Saturday, 18 November 2017

How many is too many?

I was talking to a friend who has just booked a photographer for his wedding next year. He asked me how many photographs I thought would typically be delivered after a wedding. I thought back to the best day in my life, some twenty year ago. We had a book of proofs containing about 80 pictures. This was pre digital remember.

James, my friend, said the photographer promised a USB stick containing all the unedited pictures. He told to expect about 4500. A second USB stick would follow with a slightly smaller number of edited pictures. This would take six to eight weeks. I had to ask if he had heard correctly, 4500 seemed an excessive number. For easy maths, if the photography is on his own and covering the wedding from preparation to first dance lets says it's ten hours. That means an average of 450 per hour, or 7.5 a minute. And why show every shot? Isn't it part of the photographer's skill to plan each shot, ensuring composition, exposure etc are correct when the shutter is pressed, and then to be able to weed out the not perfect shots? Delivering only the best.
It appears to me to show lack of confidence. Taking a huge number, to ensure enough are okay, doesn't seem sensible.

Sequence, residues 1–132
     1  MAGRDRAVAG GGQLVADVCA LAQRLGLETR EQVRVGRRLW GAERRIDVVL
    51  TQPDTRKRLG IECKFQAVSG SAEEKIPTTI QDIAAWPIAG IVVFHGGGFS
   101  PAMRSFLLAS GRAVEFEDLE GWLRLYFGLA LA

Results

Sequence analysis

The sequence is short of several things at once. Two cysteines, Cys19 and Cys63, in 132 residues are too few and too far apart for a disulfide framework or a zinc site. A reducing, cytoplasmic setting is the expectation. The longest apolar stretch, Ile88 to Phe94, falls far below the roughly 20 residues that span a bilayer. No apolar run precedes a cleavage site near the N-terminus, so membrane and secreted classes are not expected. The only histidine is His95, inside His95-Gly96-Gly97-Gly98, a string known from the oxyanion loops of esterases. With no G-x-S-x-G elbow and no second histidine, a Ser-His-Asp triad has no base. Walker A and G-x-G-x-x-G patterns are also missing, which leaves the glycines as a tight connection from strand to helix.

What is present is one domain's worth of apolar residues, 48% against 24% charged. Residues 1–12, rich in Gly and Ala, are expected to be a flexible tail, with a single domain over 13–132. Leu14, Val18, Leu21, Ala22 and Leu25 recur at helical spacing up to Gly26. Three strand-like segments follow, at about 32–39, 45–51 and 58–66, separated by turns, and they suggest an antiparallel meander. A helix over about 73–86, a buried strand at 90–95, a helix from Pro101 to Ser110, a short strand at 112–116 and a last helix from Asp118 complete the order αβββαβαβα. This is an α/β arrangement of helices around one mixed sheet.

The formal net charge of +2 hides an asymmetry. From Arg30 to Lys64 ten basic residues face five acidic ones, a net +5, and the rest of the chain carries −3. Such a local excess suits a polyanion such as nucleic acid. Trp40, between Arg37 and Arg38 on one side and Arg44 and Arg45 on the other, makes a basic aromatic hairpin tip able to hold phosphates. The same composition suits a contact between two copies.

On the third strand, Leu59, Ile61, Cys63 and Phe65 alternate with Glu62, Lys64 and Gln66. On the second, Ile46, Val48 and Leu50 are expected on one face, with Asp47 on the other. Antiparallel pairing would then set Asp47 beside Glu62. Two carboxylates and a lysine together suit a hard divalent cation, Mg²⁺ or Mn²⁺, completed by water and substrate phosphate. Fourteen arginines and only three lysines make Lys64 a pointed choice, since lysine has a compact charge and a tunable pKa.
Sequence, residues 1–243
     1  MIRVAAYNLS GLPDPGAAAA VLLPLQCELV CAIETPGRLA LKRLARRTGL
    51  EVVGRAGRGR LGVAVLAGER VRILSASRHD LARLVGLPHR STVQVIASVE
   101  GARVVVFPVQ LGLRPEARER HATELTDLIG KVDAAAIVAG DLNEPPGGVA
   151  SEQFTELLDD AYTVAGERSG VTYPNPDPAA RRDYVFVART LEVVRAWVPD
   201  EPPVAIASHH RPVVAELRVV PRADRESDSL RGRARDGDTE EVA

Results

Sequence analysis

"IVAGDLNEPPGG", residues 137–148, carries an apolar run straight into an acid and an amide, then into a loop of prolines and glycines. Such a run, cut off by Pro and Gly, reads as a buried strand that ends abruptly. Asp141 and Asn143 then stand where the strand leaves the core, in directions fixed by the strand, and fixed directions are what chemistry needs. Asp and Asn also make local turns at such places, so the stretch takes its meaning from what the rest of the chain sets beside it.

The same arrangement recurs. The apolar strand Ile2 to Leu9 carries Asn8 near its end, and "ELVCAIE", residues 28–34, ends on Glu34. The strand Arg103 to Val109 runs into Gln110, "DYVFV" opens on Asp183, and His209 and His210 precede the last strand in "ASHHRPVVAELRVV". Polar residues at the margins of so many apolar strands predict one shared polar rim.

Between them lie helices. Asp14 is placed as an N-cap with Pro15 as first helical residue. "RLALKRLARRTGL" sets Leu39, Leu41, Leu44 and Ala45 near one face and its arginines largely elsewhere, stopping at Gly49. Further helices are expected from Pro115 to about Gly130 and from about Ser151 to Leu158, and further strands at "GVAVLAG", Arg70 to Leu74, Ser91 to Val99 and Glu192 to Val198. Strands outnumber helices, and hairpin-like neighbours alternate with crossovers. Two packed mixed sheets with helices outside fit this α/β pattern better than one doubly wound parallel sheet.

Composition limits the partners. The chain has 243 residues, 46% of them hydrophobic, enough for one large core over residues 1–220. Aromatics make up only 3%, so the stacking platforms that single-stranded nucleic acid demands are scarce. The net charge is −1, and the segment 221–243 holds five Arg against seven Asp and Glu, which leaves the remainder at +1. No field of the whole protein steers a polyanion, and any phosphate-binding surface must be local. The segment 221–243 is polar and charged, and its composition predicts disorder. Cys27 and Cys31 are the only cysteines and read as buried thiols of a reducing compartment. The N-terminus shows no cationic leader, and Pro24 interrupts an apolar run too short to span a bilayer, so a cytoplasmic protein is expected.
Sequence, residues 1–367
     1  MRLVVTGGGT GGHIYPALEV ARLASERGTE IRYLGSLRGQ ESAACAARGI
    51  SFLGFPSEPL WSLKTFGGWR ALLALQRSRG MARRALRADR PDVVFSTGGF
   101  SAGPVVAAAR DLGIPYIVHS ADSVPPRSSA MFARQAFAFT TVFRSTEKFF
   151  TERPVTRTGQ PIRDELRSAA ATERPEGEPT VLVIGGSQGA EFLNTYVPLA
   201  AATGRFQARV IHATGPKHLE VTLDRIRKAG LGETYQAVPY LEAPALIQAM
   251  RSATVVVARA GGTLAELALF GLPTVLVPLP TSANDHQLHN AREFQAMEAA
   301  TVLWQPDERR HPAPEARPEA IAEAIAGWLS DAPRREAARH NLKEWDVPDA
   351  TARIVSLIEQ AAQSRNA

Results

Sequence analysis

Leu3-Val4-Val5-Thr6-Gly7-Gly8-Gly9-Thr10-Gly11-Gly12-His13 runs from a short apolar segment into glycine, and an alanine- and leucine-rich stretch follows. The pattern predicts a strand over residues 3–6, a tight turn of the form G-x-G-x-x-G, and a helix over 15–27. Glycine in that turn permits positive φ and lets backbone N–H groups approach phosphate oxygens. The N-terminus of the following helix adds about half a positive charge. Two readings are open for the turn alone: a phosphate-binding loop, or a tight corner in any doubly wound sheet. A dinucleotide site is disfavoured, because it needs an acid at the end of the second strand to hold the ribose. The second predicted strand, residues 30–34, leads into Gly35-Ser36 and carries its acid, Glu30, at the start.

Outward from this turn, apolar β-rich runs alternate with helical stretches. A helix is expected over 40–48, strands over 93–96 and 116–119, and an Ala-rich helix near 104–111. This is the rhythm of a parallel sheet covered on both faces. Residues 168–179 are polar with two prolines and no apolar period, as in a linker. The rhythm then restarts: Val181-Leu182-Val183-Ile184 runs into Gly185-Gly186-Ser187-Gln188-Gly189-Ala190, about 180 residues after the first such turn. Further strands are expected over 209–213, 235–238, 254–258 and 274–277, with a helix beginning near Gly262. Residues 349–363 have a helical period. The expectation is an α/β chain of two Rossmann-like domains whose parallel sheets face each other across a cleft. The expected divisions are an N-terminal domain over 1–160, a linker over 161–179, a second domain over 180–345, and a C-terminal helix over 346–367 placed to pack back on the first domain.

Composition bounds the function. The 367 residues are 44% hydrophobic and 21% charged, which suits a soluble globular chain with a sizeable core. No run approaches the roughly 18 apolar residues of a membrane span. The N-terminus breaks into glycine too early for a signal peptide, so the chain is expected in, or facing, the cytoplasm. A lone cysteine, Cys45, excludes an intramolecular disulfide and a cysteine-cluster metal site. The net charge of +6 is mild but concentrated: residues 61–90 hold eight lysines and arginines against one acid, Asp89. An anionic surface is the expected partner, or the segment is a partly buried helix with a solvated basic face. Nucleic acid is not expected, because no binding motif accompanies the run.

I investigated what other wedding photographers provided in their packages. And read forums to get an idea about weddings in the digital age.

What I found surprised me.

It is now common for 300, 600 or even 1000 edited pictures supplied. To have even 300 pictures to edit after the usual cull during processing must mean a huge number were taken. What could they be of? How many set piece pictures can there be? Add some unposed moments, the speeches, the preparation and first dance. Doesn't add up to thousands.

I'm not a wedding photographer. I'm just remembering my day. If you do shoot weddings, I would like to know your view.

And then I thought about how long the wait for the proofs was. When we got back from honeymoon the proof book was ready for our viewing. So that's two weeks. We chose the ones we wanted, the other guests made their choices, and about two or three weeks later our pictures were delivered. I'm reading six to eight week waits, or longer for the proofs.

The digital age seems not to have made life easier, it has given photographers more work. Clients now expect hundreds of pictures. Why? Is it photographers justifying their fee by supplying huge numbers of pictures? Or is it the clients who think more is better? It appears to be accepted that the biggest part of a photographer's time is spent away from photography, sitting in front of a computer editing must take a lot of time if you have to process hundreds or even thousands of pictures for each assignment.

Isn't it better to produce 80 to 100 edited pictures for the client to choose from? I know if I had been presented with many times more proofs, I wouldn't have been many times more impressed. I was given good quality pictures that covered the day. Having lots more very similar ones wouldn't have made a difference.

As I said above, please let me know your thoughts. Am I completely out of touch?

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